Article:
The relationships you have with your existing customers are your key to success

You are Great

The economy in the coming year will remain tight for pretty much everyone.

Given that and given that we are heading towards a new year, I wanted to ask you to consider something: look after, cherish and build the relationships that you have in your business, particularly with your customers.

In doing that we must think about the relationships that we actually have with our customers, the sort of relationships that we want to build with our customers and how we are going to do that. I wrote about this in a recent guest post (Back to Basics: 6 Steps for Excellent Customer Engagement) on Get Satisfaction’s blog earlier this month.

So, in the coming year, please make sure you focus a significant amount of your business’ effort on keeping your customers, letting them know how great you think they are rather than just acquiring them and chasing their business. After all, once you’ve spent a whole heap of effort and resources on earning their trust and business, why waste that?

Here’s some ideas for you to try out that focus on building the relationship you have with them:

  • Call them up to say Hi! from time to time;
  • Send them a gift unrelated to your business … but something they would like based on what you know about them. Why? Because, we all like free stuff and receiving presents;
  • Make it your business to learn their birthdays and send them cards as we all like to be remembered on special days;
  • Introduce them to somebody or something that they will find useful;
  • Ask for their opinion and do something about it. However, once done tell them what you’ve done, they’ll appreciate it and they’ll then know that their opinion counts;
  • Celebrate their successes. Feature them in your newsletter or on your website, particularly if they are business customers;
  • Etc;
  • Etc

Now, not all of these ideas will apply to your business and there are many more. But, I am sure at least one will apply.

However, relationships are not one-off events but are a series of events that are stitched together over time.

So, make the time, effort and commitment to build your relationship with your customers and their business, their view of you and the amount they talk about you will grow.

Here’s to a 2013 that focuses on relationships!

Thanks to M.Ryan Photography for the image.

15 comments On The relationships you have with your existing customers are your key to success

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  • Hello Adrian
    Your post brings back to me a conversation I had with my parents in November. We were discussing charitable giving – to make a difference to people who would welcome that difference. At the end of the conversation my father refused to contribute to the ’cause’. Why? He stated that he was brought up first to take care of his own. Who is his own? Those in his community who can do with help.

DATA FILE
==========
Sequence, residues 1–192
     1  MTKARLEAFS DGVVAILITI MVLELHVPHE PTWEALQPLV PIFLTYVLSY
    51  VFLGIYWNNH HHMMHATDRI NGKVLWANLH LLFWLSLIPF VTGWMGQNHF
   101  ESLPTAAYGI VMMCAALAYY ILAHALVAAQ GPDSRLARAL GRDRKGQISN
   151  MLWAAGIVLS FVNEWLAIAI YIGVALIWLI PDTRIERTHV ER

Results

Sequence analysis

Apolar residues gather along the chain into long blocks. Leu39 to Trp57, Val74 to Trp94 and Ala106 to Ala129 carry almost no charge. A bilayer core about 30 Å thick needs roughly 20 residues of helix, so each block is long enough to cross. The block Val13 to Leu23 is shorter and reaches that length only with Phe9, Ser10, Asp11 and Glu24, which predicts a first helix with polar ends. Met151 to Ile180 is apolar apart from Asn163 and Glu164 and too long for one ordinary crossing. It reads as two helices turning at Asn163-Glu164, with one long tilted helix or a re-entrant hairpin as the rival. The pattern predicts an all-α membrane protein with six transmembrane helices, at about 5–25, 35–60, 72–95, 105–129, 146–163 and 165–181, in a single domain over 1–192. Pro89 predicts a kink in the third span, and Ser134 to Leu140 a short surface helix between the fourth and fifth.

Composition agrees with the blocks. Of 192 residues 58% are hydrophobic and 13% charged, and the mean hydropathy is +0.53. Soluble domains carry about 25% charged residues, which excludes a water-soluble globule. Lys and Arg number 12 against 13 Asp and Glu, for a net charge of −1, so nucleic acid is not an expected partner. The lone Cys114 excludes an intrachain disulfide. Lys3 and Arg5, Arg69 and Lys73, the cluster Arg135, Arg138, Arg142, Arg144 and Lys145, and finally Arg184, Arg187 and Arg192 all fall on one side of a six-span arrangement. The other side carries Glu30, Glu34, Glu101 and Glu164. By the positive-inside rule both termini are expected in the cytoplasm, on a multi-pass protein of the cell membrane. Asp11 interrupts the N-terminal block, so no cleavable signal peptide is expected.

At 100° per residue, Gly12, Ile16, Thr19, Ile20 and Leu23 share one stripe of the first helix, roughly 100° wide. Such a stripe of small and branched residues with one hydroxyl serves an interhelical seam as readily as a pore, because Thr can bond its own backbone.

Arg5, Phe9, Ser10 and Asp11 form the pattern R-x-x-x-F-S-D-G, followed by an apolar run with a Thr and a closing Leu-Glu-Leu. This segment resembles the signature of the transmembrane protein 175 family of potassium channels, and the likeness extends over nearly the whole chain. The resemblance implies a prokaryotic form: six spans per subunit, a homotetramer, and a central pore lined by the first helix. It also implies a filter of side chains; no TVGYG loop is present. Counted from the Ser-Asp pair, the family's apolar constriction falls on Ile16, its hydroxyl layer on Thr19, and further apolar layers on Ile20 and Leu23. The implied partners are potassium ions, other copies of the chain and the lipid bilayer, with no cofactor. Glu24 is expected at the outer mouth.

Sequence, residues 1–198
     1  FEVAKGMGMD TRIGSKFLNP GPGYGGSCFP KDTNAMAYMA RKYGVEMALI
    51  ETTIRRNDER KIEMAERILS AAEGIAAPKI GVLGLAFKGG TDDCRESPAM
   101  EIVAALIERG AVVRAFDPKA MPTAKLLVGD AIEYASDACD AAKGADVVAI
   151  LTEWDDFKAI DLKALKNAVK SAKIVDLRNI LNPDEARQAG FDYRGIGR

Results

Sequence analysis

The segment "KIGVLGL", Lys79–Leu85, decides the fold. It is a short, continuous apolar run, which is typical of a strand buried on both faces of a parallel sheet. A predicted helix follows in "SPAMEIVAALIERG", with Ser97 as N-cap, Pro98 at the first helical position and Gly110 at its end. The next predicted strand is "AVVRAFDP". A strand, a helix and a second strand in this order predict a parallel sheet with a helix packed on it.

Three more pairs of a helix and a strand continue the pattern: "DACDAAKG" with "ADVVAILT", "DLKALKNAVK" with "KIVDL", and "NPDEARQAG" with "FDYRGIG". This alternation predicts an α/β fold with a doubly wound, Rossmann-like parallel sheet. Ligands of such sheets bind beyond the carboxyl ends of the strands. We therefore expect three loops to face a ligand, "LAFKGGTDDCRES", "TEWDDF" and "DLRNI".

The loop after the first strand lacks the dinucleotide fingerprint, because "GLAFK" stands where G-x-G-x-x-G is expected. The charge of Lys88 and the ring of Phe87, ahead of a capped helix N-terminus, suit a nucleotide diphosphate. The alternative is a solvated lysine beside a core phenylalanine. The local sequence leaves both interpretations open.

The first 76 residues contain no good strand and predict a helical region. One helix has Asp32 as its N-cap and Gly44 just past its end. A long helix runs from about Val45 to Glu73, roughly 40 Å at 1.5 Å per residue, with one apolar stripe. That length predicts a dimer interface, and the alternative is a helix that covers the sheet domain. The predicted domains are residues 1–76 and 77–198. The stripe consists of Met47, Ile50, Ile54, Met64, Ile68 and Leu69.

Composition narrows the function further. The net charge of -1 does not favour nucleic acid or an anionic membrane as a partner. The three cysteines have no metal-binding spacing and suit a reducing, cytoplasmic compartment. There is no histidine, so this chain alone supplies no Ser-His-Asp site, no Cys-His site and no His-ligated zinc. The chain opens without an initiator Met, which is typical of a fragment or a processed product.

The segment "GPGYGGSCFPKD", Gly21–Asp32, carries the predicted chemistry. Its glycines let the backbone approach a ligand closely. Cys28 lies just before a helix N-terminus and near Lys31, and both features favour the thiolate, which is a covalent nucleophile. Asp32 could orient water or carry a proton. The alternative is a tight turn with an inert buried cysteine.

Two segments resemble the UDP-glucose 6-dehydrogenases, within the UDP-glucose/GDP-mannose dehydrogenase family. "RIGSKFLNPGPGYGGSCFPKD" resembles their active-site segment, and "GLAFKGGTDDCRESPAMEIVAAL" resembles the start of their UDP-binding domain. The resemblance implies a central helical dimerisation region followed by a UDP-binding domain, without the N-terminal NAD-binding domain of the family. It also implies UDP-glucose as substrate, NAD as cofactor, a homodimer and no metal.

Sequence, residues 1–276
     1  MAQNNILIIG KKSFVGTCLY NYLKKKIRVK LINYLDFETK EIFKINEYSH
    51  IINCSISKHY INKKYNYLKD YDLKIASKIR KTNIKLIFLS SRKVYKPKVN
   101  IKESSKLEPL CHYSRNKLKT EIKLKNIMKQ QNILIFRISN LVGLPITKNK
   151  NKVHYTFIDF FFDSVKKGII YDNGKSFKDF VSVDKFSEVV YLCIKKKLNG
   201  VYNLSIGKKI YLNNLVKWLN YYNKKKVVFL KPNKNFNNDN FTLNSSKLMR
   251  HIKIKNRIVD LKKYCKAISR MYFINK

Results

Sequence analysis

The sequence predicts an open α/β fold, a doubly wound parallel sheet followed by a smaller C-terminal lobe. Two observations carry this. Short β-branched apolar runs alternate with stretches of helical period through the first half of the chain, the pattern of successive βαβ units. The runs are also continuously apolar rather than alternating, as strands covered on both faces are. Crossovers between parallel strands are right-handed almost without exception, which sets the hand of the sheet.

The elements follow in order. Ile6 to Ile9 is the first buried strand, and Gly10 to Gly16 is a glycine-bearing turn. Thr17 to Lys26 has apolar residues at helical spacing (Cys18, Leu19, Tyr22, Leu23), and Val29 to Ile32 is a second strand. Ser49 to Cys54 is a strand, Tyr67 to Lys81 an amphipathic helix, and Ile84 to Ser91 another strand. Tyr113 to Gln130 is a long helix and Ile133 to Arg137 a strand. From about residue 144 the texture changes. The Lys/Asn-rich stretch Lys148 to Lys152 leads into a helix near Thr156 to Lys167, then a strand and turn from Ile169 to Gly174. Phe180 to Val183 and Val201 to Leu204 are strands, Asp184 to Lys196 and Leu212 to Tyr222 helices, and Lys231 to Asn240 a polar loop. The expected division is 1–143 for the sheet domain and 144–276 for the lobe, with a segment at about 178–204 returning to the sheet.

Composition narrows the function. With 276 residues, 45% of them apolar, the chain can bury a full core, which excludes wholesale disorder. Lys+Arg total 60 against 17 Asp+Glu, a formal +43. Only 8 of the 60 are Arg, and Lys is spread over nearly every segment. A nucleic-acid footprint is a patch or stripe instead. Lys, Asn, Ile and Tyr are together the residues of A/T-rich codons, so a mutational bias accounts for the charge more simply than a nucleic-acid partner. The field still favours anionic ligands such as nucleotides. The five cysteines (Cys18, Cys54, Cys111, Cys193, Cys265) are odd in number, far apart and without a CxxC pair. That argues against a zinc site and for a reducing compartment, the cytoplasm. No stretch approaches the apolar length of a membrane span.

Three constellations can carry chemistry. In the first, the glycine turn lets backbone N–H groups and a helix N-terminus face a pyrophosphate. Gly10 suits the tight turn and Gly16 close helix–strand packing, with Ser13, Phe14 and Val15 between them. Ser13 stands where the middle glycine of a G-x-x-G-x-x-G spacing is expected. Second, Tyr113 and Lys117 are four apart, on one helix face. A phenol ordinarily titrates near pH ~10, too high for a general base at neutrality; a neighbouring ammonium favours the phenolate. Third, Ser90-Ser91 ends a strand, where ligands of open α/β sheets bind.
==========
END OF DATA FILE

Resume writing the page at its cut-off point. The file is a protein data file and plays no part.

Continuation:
Why do I bring this up? It occurs to me that our existing customers are part of our community. Put differently, they are ‘kin’ as in ‘of our kind’ by virtue of being our customers. And so it makes great sense to treat them as such. Not just assets to be milked, but members of our community to whom we can be of service. And that service may simply be a ‘thank you for being our customer’.

    All the best for this year.


    • Hi Maz,
      Thinking of our customers as part of our community, or even, our extended family is a great way to think about it.

      I wish you and your community and extended family all of the best for the coming year,


  • Adrian,

    I used to work for myself, the one thing I learnt was that one existing customer is worth twenty potential customers.

    I just wish I had taken more of your advice.


    • Hi James,
      The simplest things are often the easiest to do and the easiest to forget to do. I wonder if that has to do with how we are educated to conduct ourselves in business. What I mean is…..don’t you find it surprising that little time or effort is spent studying customer retention etc on most ‘business’ courses?


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  • Adrian,

    It frustrates me when businesses spend their resources trying to acquire new customers and do nothing special for existing customers. I’ve written about this before in my blog. Why do new customers get all the great prices, options, etc.? Why doesn’t my cell phone provider call me (I’ve been a customer for almost 20 yrs) and offer me something cool for continuing to give them my business? The only time I hear from them is when I initiate or when they send me a bill. Same goes for my bank, of which I’ve also been a long-time customer. Never hear from them unless they send me a new card, solicit a new product, or change a policy. Hardly what I would call a “relationship.”

    Annette 🙂

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